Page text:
David Fincher and Trent Reznor first came together on the big screen in 1995, when the former used a remix of the Nine Inch Nails’ (NIN) track “Closer” (which, in its original form, appeared on 1994’s The Downward Spiral) over the opening credits of Se7en, the brilliant horror and neo-noir film that captivated audiences with its graphic images of fatal bloodletting, an emaciated corpse, and a severed head in a box.
Similar imagery, of course, characterized the 1994 video for “Closer,” which director Mark Romanek created to illustrate Reznor’s simultaneously disconcerting and addictive music – music that grabs the body with a disco beat but discomfits the mind with a chorus that runs, “I wanna fuck you like an animal / I wanna feel you from the inside / I wanna fuck you like an animal / My whole existence is flawed / You bring me closer to God.” As Romanek’s video plays out, the viewer watches a series of shots of nude bald women, crucified monkeys, a diagram of a vagina, and Reznor himself donning an S&M mask and ball gag while he floats in space, suspended by invisible wires, before he tongues a microphone-shaped object that could be a penis, a nipple, or both.
I compare Se7en and the “Closer” video not only to demonstrate the rather obvious point that Fincher and Reznor share a common aesthetic sensibility but to suggest that since the mid-1990s, they have been challenging and inspiring each other to grow as artists. And, with Reznor and his partner Atticus Ross contributing scores for Fincher’s The Social Network (2010) and The Girl With The Dragon Tattoo (2011), their mutual influence has led to the formation of a perhaps inevitable creative partnership.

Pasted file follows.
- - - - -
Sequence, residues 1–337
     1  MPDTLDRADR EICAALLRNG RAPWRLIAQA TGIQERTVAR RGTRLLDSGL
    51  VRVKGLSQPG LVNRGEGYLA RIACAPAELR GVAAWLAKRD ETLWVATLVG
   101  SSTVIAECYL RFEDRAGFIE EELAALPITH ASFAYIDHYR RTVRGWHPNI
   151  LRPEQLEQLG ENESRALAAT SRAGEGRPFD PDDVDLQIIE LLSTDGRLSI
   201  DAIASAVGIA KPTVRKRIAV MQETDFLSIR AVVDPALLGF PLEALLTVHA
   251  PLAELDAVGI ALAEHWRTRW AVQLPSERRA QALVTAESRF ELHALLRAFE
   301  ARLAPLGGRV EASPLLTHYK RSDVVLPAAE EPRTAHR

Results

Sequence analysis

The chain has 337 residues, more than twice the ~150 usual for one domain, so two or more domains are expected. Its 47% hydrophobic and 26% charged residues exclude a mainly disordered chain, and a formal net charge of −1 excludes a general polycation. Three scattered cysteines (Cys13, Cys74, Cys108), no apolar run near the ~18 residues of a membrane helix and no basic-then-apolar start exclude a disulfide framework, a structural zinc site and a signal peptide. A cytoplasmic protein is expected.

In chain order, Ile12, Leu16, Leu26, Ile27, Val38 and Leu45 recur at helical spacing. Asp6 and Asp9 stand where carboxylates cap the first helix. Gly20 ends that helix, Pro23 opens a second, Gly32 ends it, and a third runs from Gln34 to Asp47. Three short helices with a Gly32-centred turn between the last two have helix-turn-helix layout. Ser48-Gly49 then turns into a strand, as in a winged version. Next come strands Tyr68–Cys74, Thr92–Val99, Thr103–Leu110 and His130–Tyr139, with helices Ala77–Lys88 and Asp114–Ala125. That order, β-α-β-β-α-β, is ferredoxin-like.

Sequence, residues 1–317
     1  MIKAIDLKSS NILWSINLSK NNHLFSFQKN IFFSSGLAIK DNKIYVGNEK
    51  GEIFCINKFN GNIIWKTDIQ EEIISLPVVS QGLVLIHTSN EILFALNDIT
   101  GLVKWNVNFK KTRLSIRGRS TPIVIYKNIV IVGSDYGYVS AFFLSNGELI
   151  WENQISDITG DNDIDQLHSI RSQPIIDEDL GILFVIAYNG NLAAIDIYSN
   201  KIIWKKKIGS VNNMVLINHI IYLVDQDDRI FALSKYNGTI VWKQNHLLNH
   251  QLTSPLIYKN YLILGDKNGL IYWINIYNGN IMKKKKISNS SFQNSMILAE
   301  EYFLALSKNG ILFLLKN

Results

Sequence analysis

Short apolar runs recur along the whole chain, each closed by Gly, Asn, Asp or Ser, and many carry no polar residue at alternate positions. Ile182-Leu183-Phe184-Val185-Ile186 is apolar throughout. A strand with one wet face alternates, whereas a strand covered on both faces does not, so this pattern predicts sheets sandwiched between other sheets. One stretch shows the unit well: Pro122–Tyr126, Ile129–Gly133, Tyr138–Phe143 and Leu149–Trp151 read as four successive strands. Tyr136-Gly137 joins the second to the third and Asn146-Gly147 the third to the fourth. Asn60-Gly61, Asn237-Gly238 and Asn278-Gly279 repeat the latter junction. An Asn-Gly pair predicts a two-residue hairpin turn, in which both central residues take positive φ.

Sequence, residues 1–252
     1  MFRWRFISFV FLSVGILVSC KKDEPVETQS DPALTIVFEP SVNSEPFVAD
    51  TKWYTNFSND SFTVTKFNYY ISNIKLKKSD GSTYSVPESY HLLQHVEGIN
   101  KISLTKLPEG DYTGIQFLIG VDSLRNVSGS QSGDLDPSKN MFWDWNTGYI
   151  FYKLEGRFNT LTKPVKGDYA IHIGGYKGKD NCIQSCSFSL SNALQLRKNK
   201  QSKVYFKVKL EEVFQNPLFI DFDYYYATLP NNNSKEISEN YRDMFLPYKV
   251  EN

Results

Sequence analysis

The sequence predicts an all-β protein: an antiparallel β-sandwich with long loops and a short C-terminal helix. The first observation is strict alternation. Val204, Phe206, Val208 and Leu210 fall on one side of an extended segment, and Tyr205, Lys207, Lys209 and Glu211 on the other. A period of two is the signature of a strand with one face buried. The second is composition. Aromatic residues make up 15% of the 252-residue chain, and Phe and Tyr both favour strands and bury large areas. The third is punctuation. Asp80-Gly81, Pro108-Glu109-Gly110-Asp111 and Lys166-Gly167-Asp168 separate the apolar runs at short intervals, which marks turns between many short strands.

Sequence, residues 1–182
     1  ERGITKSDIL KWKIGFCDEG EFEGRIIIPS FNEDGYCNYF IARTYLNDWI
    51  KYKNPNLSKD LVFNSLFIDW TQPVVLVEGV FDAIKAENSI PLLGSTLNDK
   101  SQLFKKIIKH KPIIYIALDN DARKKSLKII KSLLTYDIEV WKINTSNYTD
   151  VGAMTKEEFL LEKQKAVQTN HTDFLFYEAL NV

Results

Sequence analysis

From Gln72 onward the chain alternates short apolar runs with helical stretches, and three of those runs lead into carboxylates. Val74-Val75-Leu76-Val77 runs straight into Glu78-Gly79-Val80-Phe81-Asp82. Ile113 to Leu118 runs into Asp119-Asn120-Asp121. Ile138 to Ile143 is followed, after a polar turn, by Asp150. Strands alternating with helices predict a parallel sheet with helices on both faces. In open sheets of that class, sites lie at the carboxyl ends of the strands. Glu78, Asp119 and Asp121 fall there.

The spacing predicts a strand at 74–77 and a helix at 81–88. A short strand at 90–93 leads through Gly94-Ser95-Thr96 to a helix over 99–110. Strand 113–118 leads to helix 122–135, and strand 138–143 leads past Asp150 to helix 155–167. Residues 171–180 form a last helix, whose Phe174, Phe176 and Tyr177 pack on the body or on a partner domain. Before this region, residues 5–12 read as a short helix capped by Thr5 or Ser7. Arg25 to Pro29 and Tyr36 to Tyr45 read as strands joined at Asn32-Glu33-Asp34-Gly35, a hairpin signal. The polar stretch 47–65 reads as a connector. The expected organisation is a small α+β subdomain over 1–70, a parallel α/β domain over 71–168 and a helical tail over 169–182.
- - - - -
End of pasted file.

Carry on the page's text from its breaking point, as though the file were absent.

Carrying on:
Like Reznor, Fincher began his career in the music industry in the 1980s and early 1990s. He directed big-budget videos for mainstream artists, including Madonna, Billy Idol, Paula Abdul, Michael Jackson, Aerosmith, Rick Springfield, Jody Watley, and Steve Winwood – superstars who definitely didn’t share his dark vision. Having so much mainstream baggage, Fincher must have been chomping at the bit when, in 1992, the producers of Alien 3 called on him to direct (read: organize and complete) the mess of a film that had already exhausted its two previous directors, Renny Harlin and Vincent Ward. Even though Alien 3 was a critical disaster and box office flop, and Fincher himself eventually disowned it from his filmography, its dark atmospheres, psychologically compromised characters, and gruesome images for the first time demonstrated the aesthetic that would characterize some of his best films: Se7en, Fight Club (1999), Zodiac (2007), and The Girl with the Dragon Tattoo.